The last time I took care of Hanina, the 6-year-old I baby-sit, we played Salon, a game in which Hanina’s Barbies visit the salon, otherwise known as the second-floor bathroom, and we peel off their clothes, do their hair, then dress them up.
You may wonder what a 6-year-old boy is doing with Barbies in the first place. They belonged to his mom. She’d hung on to them, no doubt hoping to pass them along to a daughter. But Hanina is her thirdthrough son and last child, so they ended up his.
Hanina’s Barbies participate in the same activities as his action figures: They explore. They fight battles. They act out Torah stories. After all, Hanina is an Orthodox Jew.
When my own son became a teenager who needed independence and space rather than moment-to-moment mothering, I filled the void this left in my heart by babysitting. Because I am a secular, atheist Jew and Hanina is religious, caring for him for the past six years has meant, among other things, learning what it means to live a Torah-centered life. Hanina, the son of an eminent Torah scholar, has always been happy to instruct me.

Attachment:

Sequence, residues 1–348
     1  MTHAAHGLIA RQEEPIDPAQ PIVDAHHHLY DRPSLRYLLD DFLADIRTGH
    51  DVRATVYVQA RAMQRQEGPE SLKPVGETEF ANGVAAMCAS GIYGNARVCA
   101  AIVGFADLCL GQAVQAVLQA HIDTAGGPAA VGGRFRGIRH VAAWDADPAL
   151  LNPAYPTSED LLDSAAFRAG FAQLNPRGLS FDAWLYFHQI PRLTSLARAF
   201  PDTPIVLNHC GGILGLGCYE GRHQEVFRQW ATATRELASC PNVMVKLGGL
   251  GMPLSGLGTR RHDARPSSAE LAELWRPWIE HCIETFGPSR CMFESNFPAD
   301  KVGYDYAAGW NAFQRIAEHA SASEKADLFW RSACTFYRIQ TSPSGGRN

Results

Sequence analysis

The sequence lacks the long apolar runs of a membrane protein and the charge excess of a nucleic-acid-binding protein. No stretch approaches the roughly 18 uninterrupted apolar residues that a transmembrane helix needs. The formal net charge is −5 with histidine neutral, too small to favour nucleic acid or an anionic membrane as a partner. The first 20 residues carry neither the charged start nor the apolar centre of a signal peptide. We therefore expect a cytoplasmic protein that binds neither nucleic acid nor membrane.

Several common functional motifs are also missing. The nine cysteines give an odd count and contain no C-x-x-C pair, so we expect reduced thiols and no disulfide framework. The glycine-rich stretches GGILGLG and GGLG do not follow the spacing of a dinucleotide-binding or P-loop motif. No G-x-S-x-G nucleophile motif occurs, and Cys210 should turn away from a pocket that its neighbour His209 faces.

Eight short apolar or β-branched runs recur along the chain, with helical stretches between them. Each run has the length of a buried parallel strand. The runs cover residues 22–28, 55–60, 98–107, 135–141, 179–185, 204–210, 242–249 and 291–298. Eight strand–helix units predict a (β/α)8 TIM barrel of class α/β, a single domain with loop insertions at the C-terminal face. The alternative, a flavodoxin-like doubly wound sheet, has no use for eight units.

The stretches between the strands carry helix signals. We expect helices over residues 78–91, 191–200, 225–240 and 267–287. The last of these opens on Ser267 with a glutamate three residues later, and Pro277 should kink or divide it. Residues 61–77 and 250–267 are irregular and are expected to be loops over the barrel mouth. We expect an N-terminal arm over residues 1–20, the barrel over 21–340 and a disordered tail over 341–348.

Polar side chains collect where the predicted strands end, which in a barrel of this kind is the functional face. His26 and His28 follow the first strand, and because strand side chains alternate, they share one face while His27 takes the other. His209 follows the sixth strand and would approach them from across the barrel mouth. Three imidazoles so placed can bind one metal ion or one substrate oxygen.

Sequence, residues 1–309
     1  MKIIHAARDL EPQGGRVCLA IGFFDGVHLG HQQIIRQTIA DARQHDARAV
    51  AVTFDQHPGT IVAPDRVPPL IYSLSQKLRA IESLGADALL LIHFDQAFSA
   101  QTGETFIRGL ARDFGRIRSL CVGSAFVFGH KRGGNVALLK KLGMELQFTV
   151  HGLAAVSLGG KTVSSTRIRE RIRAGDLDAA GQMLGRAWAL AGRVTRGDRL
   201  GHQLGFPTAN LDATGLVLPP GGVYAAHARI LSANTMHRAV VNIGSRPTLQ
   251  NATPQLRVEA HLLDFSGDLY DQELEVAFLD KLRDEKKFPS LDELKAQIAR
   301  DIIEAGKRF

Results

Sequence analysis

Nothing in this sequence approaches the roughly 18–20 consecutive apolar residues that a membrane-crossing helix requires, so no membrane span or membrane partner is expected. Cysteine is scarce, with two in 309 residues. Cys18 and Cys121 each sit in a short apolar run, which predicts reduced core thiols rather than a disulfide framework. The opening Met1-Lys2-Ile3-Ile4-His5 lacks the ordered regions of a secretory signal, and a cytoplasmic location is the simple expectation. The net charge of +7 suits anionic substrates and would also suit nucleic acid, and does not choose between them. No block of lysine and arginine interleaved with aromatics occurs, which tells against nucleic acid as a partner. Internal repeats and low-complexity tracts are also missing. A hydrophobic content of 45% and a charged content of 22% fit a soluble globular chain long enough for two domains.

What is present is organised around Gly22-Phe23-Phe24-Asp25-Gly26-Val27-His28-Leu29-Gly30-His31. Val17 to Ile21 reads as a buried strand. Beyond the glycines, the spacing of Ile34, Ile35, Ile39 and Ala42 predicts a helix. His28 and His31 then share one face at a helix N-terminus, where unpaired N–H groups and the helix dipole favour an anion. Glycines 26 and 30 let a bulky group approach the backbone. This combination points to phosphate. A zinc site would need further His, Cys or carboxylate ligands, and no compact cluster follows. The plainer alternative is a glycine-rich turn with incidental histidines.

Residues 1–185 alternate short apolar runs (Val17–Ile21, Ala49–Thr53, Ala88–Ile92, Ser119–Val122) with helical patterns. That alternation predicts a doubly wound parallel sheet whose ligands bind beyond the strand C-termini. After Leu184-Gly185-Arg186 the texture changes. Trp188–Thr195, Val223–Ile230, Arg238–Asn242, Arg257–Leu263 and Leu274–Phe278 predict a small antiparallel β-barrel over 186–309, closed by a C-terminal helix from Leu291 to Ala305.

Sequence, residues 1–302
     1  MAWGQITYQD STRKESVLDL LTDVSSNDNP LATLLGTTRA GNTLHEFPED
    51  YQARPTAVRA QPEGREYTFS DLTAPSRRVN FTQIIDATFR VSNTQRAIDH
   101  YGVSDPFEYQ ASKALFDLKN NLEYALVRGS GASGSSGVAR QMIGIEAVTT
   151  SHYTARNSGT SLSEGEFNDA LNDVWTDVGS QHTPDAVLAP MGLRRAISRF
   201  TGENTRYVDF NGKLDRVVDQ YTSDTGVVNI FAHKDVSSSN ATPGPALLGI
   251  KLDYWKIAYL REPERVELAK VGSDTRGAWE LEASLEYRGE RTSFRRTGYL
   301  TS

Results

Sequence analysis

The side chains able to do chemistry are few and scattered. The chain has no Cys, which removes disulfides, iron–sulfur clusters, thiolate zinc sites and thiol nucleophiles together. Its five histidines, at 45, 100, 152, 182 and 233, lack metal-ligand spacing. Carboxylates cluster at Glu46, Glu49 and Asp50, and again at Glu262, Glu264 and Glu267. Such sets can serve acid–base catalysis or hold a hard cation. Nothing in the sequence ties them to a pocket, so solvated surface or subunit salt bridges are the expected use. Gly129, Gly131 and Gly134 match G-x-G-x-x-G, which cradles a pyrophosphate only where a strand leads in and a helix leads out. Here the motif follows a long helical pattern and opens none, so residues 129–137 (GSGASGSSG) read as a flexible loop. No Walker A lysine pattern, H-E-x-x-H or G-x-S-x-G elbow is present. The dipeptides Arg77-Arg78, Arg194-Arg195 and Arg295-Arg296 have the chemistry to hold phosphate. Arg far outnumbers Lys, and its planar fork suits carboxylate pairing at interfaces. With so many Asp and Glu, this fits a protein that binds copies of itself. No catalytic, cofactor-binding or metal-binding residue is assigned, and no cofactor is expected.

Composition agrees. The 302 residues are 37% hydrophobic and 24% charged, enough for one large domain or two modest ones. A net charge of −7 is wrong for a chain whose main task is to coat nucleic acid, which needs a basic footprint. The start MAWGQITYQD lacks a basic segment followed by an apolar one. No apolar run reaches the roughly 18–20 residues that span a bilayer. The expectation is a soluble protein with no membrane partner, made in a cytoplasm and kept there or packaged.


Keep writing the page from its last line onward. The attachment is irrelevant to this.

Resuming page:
Today, Hanina informed me, the Barbies, once coifed and dressed, would take part in a contest in which Ken would choose “the most beautiful one” to marry. (Hanina, I‘m guessing, has been learning about Queen Esther at school.)
“Beauty isn’t everything,” I pointed out. “When it comes to getting married, you also want a partner who is nice, kind and intelligent.”
Hanina picked up Ken, who then addressed the prettiest Barbie. “You are beautiful,” Ken told her. “And you look nice and kind and intelligent. If you win the contest I will marry you.”
The winner, Hanina told me, would get an additional prize: “When she dies, she will get to be buried in this lovely coffin!” He showed me a beautiful hand-painted wooden box that his Aunt Nancy gave him recently.
Wedded bliss plus a lovely coffin? Weirdest “Bachelor” reality show ever.